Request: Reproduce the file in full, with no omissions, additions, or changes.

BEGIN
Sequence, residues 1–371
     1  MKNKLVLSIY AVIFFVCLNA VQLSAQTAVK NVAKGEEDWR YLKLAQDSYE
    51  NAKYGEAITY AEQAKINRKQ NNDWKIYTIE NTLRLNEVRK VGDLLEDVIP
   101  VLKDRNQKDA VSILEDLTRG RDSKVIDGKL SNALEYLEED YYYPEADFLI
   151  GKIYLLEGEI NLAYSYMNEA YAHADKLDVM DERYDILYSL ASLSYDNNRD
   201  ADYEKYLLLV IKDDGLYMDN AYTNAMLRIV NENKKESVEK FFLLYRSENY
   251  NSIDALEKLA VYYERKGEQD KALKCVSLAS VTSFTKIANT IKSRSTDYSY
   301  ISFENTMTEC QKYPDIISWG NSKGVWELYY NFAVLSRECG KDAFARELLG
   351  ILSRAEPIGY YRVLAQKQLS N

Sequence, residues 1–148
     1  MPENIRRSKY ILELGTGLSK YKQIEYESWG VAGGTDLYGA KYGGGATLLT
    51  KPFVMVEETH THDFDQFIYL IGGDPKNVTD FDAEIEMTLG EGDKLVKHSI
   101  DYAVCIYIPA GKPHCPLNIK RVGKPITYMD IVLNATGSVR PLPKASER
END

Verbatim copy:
Sequence, residues 1–371
     1  MKNKLVLSIY AVIFFVCLNA VQLSAQTAVK NVAKGEEDWR YLKLAQDSYE
    51  NAKYGEAITY AEQAKINRKQ NNDWKIYTIE NTLRLNEVRK VGDLLEDVIP
   101  VLKDRNQKDA VSILEDLTRG RDSKVIDGKL SNALEYLEED YYYPEADFLI
   151  GKIYLLEGEI NLAYSYMNEA YAHADKLDVM DERYDILYSL ASLSYDNNRD
   201  ADYEKYLLLV IKDDGLYMDN AYTNAMLRIV NENKKESVEK FFLLYRSENY
   251  NSIDALEKLA VYYERKGEQD KALKCVSLAS VTSFTKIANT IKSRSTDYSY
   301  ISFENTMTEC QKYPDIISWG NSKGVWELYY NFAVLSRECG KDAFARELLG
   351  ILSRAEPIGY YRVLAQKQLS N

Sequence, residues 1–148
     1  MPENIRRSKY ILELGTGLSK YKQIEYESWG VAGGTDLYGA KYGGGATLLT
    51  KPFVMVEETH THDFDQFIYL IGGDPKNVTD FDAEIEMTLG EGDKLVKHSI
   101  DYAVCIYIPA GKPHCPLNIK RVGKPITYMD IVLNATGSVR PLPKASER